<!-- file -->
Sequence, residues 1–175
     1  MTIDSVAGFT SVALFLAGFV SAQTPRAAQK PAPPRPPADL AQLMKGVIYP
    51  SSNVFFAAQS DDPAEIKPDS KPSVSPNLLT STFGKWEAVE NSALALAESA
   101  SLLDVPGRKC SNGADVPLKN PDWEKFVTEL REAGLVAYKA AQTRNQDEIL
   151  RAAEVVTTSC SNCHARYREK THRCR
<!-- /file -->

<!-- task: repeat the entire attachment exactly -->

Sequence, residues 1–175
     1  MTIDSVAGFT SVALFLAGFV SAQTPRAAQK PAPPRPPADL AQLMKGVIYP
    51  SSNVFFAAQS DDPAEIKPDS KPSVSPNLLT STFGKWEAVE NSALALAESA
   101  SLLDVPGRKC SNGADVPLKN PDWEKFVTEL REAGLVAYKA AQTRNQDEIL
   151  RAAEVVTTSC SNCHARYREK THRCR